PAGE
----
The tiniest hint of volatility in a country is grounds for its interest rates to increase, meaning its government will be forced to give away more of its quickly disappearing resources to international players. Creditors’ racial prejudice also makes its way into sovereign debts the same way it influences consumer debts. Researchers found that Sub-Saharan African nations have shockingly high borrowing costs, even accounting for so-called “market fundamentals,” like their volatility. This “Africa Premium” happens with African Americans who have disproportionate debt burdens than their white counterparts, a phenomenon some have called “borrowing while black.” Debt in all forms, then, is a powerful tool to impose global white supremacy.

Countries struggling with debt payments are currently left with piecemeal restructuring programs through the G20 or IMF, which demand strict adherence to neoliberal market principles before ever qualifying for relief. Even for the poorest countries, “relief” often means little more than temporarily suspending debt payments, which merely delays the crisis. Talks can drag on for months, as reluctant private lenders refuse to budge. In the meantime, the process can damage a country’s reputation on the global credit market for years.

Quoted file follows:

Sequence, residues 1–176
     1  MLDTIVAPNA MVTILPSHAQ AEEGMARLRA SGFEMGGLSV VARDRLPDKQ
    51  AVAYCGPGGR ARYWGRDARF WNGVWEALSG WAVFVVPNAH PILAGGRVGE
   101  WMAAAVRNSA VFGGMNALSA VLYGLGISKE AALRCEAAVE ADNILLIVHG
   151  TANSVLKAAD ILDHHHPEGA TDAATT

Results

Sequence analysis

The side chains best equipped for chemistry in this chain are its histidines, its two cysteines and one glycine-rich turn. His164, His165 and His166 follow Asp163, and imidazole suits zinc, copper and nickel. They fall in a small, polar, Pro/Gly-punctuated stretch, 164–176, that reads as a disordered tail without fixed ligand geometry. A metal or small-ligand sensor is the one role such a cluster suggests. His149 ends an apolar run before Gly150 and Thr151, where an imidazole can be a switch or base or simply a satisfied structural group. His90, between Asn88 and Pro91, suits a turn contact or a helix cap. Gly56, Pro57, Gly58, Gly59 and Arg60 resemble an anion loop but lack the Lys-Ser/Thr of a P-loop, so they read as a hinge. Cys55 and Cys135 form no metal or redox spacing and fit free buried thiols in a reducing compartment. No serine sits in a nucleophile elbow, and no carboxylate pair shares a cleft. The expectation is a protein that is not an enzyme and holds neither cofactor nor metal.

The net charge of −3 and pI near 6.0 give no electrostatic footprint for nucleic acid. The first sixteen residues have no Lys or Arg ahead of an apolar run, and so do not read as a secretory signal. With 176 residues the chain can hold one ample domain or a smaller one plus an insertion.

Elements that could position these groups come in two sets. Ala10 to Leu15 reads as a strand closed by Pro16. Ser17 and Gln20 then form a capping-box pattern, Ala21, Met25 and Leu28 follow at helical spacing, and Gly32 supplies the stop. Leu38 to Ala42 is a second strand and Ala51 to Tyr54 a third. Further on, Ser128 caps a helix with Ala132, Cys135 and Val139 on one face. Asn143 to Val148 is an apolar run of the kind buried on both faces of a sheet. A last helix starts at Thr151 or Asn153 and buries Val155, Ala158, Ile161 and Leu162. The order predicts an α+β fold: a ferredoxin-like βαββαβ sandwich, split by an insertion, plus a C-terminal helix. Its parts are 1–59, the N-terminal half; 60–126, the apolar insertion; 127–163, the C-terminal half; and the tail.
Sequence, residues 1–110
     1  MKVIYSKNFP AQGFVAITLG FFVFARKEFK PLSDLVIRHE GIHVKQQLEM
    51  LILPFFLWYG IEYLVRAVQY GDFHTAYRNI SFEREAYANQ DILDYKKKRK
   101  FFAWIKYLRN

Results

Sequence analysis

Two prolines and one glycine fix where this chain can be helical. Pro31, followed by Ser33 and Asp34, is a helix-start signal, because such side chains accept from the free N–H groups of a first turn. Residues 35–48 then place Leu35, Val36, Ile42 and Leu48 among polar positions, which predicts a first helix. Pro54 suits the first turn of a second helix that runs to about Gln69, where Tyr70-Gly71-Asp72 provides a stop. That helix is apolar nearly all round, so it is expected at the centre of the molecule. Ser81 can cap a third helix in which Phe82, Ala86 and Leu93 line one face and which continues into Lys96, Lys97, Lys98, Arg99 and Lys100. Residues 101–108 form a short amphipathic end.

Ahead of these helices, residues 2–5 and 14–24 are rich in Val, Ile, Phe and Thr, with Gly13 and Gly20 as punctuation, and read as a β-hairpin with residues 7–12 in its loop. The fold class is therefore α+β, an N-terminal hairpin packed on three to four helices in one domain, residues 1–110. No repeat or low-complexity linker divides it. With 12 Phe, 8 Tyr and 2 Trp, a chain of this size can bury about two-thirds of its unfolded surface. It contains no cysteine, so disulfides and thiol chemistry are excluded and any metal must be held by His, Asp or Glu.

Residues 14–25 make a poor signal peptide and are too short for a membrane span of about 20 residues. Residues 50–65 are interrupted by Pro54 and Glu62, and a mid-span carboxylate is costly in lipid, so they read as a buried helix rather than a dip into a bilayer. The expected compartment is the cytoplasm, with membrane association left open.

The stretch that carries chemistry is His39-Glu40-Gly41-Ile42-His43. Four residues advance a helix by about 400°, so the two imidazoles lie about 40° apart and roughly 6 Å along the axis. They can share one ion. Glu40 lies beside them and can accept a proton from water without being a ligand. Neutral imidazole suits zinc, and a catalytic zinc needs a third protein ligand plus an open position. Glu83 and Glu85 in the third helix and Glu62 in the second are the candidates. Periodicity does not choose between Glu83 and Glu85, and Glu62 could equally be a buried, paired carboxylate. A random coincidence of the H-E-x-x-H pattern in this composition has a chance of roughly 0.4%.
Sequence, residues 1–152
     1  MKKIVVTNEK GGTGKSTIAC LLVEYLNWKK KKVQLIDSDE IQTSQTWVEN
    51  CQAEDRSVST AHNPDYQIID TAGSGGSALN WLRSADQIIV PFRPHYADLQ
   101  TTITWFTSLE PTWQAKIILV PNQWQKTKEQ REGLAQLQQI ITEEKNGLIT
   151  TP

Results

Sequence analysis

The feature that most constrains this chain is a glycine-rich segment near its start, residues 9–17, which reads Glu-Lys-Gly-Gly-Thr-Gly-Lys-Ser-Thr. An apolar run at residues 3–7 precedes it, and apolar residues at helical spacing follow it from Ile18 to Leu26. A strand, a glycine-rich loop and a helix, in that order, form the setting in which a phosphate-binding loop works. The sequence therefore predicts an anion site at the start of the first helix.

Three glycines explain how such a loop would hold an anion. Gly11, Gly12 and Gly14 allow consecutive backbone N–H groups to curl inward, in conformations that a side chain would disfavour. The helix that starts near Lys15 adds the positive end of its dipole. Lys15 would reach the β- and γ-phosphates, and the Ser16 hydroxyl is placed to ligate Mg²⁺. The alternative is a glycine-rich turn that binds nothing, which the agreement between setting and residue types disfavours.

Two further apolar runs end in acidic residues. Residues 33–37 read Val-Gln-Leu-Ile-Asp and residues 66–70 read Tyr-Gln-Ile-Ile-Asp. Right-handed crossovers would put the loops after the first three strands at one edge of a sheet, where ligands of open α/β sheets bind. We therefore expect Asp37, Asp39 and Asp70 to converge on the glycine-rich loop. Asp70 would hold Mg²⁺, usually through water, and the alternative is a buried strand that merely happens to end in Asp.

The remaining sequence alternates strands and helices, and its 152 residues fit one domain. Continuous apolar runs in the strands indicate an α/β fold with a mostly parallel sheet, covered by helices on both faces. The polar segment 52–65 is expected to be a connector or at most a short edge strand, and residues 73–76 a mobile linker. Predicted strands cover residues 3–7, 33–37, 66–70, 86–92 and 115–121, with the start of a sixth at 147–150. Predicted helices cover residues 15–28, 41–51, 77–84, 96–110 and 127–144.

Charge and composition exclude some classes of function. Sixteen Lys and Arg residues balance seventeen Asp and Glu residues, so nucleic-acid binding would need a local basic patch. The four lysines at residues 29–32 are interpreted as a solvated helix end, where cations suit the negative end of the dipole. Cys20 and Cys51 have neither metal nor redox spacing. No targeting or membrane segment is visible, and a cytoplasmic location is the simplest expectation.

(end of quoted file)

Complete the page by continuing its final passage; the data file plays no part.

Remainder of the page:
This entire system must be thrown out and remade from the basic moral foundations of solidarity, democracy, and equality.  

In the short term, global debt—including consumer and sovereign debt—should be immediately forgiven. And to prevent this kind of fatal debt buildup from happening ever again, the IMF, the World Bank, and similar international lending institutions should be dissolved and replaced by grant-giving bodies that prioritize the most vulnerable and operate democratically. Essential goods and services like health care, education, transportation, housing, and food should be publicly administered and free to everyone. Loans with interest rates should be outlawed entirely, since the only redistributive effect they have is siphoning money from the poor to the rich. By extension, this means hedge funds and other for-profit firms that exert power over the poor through wielding finance capital as a weapon should be broken up.

A democratic system of international aid would give a nation’s people a voice to set the agenda of what their country needs. It would be responsive to countries’ needs in a way the obstinate neoliberal dogma of our current global finance system cannot be. It would realize the redistributive vision organizers, activists, intellectuals, and revolutionaries from the global South have dedicated their lives to enacting.

Much of the political legwork for this must be done in the United States, the current seat of global finance. The IMF’s headquarters is in Washington D.C., as is the World Bank’s. BlackRock is in New York City.